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Commentary: China to seek opportunities for growth amid trade frictions

26.09.2018 3618
In its latest move, Trump administration decided to levy 10 percent tariffs on $200 billion worth of goods from China. The action was later followed by China's countermeasure to impose additional tariffs on about $60 billion worth of American products.

What are the impacts of the latest US tariff decision on China? To be objective, the largest impact brought by the US-initiated trade war would be shouldered by its export to the US, and to impose higher tariffs on imported commodities from the US may also increase burden for Chinese downstream enterprises and consumers.

Will China be able to withstand the trade war?

Former governor of the People's Bank of China Zhou Xiaochuan seemed positive on the current situation. He said on Sept. 7 that the trade war would not cause huge negative impact on China's economy.

Zhou predicted that the impact of trade friction on China's GDP would be less than half a percent, citing a calculation based on mathematical model.

Based on evaluation by professor Wei Jie at Tsinghua University, only 10 percent of China's economy depended on export in 2017, reducing from 70 percent in 2007, and the country's export to the US accounted for only one third of its total export. Wei's figures also supported the prediction that the trade war would not place huge impact on China's GDP.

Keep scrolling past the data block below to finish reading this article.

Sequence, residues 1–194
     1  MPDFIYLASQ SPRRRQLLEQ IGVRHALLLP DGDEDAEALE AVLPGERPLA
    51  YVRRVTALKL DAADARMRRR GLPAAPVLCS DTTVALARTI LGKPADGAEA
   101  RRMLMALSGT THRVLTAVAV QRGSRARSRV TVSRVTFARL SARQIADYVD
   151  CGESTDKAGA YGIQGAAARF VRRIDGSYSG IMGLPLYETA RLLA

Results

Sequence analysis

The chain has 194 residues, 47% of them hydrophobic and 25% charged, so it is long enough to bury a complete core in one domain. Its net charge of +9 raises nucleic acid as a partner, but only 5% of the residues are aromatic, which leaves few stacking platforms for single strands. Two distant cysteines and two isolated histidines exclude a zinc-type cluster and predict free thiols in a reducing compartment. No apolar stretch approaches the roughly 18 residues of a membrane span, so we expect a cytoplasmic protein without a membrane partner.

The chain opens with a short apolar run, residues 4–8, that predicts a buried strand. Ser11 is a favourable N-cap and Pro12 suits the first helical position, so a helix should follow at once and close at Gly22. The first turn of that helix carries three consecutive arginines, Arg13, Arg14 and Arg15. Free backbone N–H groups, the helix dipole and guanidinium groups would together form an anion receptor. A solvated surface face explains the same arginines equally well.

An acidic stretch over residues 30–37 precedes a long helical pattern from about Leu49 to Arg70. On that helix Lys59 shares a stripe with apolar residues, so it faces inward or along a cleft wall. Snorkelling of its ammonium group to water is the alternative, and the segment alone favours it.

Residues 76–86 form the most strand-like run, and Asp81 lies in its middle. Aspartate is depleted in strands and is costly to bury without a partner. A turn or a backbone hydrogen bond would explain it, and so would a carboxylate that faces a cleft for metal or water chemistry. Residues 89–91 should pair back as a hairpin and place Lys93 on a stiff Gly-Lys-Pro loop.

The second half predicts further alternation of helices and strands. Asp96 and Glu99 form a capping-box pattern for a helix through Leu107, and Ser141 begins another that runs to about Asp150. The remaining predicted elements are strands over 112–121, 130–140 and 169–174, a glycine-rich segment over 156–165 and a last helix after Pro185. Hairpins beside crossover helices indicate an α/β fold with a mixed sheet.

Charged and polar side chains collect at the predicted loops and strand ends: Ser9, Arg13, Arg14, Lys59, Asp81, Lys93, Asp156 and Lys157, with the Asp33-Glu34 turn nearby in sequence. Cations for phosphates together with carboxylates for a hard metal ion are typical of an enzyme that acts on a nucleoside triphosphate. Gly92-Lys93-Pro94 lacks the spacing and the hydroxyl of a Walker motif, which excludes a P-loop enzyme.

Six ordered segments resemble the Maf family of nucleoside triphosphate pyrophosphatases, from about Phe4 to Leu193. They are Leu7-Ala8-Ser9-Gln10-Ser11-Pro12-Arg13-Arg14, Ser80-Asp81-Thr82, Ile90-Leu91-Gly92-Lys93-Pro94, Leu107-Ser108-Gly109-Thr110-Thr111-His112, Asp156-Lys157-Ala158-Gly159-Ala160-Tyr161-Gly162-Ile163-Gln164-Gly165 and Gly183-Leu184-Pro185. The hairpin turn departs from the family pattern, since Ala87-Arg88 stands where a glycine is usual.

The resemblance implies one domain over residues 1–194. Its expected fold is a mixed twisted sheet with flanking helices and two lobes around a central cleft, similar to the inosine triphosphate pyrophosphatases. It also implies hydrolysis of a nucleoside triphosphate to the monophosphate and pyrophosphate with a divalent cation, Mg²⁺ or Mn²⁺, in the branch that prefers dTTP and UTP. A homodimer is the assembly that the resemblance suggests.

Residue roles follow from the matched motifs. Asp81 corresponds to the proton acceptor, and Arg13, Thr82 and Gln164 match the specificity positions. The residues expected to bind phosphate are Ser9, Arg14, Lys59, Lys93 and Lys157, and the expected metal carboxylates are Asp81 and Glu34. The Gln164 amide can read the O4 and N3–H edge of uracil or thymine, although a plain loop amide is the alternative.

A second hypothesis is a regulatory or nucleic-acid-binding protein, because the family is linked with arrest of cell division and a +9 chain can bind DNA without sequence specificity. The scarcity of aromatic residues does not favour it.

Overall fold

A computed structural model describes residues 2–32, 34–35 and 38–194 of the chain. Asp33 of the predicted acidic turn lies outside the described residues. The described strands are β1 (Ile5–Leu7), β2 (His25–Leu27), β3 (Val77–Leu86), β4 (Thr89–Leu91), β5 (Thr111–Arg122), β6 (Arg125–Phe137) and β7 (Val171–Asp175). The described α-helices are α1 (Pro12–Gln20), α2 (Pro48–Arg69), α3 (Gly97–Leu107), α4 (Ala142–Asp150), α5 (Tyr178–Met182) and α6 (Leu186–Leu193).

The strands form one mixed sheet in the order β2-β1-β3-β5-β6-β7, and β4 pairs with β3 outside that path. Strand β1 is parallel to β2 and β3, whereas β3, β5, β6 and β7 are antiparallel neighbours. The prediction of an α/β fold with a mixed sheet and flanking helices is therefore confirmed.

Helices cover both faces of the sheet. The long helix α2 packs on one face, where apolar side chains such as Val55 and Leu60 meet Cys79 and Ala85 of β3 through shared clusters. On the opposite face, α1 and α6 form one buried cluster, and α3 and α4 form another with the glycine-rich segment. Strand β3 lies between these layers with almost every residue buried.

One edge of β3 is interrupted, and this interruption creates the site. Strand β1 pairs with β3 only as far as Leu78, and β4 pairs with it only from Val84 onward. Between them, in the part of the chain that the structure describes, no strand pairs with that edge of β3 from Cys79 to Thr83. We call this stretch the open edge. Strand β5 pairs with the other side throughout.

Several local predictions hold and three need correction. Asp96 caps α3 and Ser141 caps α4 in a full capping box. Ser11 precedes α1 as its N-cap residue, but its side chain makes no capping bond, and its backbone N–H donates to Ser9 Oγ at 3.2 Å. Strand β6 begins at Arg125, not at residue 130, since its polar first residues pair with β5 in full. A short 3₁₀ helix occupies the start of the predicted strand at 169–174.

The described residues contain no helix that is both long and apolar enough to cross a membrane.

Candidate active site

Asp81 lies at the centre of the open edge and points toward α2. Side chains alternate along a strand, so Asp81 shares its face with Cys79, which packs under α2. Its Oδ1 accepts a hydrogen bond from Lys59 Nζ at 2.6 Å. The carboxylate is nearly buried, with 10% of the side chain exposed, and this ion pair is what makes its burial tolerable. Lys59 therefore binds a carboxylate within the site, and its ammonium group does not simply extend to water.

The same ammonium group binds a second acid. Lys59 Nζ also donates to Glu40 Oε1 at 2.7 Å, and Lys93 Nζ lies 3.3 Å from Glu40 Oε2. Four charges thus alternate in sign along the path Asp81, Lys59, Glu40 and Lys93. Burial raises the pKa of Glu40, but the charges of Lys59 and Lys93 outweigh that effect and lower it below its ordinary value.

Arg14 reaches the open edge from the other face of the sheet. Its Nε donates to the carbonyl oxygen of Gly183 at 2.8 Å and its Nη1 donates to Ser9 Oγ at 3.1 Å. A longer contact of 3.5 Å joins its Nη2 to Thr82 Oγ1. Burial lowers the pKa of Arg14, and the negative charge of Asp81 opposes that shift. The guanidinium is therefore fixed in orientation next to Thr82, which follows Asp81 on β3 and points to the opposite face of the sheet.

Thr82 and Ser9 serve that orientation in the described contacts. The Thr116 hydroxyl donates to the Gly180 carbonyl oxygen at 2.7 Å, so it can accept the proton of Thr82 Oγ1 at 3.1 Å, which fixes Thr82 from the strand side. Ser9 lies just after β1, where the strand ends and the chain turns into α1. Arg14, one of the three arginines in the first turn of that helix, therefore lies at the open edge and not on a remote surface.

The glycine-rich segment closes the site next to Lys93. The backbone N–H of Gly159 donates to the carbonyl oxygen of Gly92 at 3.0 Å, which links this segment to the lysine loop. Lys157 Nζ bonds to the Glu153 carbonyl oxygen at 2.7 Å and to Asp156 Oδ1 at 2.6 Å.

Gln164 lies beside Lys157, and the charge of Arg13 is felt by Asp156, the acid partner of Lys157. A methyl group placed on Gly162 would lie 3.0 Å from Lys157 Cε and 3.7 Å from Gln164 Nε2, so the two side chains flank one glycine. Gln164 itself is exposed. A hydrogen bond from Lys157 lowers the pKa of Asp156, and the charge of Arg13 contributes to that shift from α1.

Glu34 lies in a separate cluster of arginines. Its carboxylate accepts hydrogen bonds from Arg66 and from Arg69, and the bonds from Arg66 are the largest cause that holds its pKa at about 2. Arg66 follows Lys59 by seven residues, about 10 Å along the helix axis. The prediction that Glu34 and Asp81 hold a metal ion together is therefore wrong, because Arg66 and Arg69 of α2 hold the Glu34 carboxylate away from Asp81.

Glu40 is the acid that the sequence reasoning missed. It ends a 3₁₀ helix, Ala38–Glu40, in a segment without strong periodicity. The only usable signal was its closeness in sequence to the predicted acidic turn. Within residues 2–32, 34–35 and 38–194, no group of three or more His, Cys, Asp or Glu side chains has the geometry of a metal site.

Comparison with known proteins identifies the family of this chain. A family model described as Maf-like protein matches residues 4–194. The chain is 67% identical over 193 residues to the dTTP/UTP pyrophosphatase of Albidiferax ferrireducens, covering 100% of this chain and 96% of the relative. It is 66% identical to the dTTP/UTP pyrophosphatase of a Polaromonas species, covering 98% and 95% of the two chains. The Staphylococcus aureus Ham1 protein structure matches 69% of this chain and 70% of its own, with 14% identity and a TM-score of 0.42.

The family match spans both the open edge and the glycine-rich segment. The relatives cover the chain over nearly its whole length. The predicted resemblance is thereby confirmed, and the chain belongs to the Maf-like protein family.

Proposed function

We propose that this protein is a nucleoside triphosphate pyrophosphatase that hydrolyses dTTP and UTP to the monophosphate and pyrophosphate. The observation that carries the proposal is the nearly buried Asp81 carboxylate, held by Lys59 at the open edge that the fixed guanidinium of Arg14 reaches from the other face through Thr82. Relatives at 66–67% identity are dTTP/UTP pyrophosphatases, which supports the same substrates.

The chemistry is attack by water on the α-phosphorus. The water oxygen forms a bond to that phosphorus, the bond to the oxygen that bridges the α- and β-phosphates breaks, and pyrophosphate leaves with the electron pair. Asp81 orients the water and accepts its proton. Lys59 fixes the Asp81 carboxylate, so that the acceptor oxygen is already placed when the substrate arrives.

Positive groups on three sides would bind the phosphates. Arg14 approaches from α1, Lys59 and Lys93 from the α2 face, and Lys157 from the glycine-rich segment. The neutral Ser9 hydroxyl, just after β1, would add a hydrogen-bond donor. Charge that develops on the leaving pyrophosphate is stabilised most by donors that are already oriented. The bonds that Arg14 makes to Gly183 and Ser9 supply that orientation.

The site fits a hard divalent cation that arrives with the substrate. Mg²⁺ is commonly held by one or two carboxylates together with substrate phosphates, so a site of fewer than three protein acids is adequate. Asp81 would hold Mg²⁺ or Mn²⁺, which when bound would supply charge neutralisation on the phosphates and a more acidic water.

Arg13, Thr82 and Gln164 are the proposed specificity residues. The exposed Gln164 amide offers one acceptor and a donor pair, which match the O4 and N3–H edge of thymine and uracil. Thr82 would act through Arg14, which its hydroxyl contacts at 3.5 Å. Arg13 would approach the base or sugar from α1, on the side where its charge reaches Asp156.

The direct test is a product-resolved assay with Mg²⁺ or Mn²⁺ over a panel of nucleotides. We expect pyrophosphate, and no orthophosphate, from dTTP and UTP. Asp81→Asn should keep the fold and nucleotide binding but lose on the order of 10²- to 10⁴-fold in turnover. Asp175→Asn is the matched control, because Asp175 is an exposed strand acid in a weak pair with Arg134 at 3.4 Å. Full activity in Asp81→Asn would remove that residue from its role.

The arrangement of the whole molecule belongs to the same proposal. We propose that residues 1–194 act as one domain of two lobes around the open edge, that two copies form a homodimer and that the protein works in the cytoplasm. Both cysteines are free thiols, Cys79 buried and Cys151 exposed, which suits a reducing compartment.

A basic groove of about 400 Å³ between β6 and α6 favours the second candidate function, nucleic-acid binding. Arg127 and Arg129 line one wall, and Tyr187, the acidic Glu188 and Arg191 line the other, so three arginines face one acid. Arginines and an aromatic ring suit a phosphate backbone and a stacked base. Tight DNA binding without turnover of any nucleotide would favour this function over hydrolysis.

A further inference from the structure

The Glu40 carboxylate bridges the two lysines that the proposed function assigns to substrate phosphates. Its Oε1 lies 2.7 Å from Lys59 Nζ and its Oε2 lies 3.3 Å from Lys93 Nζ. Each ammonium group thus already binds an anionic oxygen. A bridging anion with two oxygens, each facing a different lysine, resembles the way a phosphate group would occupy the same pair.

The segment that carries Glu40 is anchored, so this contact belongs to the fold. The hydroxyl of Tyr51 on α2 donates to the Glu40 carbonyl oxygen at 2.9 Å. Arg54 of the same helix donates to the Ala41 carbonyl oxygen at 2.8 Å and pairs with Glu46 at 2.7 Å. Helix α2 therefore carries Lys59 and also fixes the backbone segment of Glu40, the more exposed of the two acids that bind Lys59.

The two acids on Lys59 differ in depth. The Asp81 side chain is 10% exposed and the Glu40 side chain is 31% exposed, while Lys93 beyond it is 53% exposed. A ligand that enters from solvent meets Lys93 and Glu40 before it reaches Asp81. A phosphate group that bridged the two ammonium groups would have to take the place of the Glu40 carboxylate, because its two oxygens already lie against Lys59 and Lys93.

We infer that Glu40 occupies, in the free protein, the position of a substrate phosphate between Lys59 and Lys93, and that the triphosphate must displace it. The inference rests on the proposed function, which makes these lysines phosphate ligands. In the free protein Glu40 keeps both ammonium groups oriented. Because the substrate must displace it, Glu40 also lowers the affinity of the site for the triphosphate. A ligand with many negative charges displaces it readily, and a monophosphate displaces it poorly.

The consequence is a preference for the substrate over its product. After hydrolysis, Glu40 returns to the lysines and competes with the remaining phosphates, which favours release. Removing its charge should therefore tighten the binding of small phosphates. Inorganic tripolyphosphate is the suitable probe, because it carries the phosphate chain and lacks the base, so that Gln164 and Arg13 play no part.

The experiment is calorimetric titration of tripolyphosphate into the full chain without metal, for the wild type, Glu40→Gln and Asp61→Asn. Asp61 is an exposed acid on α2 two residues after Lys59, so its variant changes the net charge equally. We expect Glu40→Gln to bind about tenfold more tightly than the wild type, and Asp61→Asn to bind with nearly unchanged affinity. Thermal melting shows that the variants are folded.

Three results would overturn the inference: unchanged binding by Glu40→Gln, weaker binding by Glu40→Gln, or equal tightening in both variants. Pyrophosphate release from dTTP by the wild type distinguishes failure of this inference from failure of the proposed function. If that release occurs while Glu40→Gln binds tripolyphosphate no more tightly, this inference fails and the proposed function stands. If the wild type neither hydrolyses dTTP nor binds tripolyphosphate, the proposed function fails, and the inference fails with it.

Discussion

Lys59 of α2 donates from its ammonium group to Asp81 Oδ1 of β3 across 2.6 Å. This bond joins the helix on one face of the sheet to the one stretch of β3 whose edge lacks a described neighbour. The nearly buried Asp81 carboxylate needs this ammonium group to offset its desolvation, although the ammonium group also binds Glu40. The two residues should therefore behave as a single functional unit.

However, Zhou warned that the trade war would affect China's market sentiment, and will likely weaken investors' confidence in Chinese enterprises and stock market.

He elaborated that what China really needed to stay alert against was the "Minsky Moment"-the collapse of asset value in the eyes of economist Hyman Minsky.

Minsky believed that a long period of stable economy might lead to an increase of debts and a higher leverage ratio, causing financial crisis from inside and dragging the country into long-term deleverage.

In other words, what China needs to do in face of the trade war is to well handle its own business.

China is the world's largest manufacturer and the only country engaged in all the industrial classifications listed by the UN. Given such advantage, China has no reason to fear the extreme trade measures that the US takes during the trade war, and these measures will only result in a large-scale cut-off of its own domestic supplies.

In addition, China should take the trade conflict as an opportunity to promote import substitution, domestic manufacturing and export-oriented advanced manufacturing, rather than worry about higher domestic commodity prices caused by its countermeasures.

The bulk cargos imported from the US have a low share on Chinese market, and most of these imports are primary commodities that can be easily replaced. Under such circumstances, China's countermeasures would not bring huge impact on the supply of related commodities, manufacturing, or employment.

The trade war is a wake-up call for China as it has exposed the country's problems including inadequate core technologies, financial security risks and domestic social crisis. To solve these problems, China must further deepen reform and opening up, find a solution to underlying problems, and seek opportunities for growth amid the "crisis".

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